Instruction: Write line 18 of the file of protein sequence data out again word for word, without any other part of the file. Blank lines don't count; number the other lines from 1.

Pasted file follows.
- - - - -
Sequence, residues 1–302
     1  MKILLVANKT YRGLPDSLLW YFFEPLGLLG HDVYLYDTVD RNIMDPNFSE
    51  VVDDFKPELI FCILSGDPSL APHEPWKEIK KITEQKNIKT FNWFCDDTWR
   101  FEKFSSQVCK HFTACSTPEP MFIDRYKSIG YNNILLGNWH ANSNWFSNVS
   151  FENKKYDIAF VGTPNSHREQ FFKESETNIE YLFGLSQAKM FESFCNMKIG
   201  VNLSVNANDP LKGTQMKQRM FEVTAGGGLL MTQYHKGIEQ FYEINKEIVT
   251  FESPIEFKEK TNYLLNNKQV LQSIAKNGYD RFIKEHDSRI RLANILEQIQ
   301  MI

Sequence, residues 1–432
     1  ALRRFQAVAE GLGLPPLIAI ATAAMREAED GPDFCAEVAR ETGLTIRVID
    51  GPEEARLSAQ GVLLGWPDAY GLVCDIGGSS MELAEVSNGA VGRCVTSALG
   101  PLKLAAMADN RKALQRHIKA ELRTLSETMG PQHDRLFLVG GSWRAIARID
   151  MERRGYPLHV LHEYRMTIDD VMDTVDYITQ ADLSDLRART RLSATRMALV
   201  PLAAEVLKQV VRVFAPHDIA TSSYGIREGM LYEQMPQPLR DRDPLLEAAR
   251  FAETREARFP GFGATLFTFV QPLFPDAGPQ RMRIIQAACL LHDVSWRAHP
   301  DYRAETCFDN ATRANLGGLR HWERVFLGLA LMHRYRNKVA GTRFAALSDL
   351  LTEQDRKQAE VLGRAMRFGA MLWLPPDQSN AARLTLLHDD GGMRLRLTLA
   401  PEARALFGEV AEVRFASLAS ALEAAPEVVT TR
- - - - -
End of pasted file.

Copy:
   401  PEARALFGEV AEVRFASLAS ALEAAPEVVT TR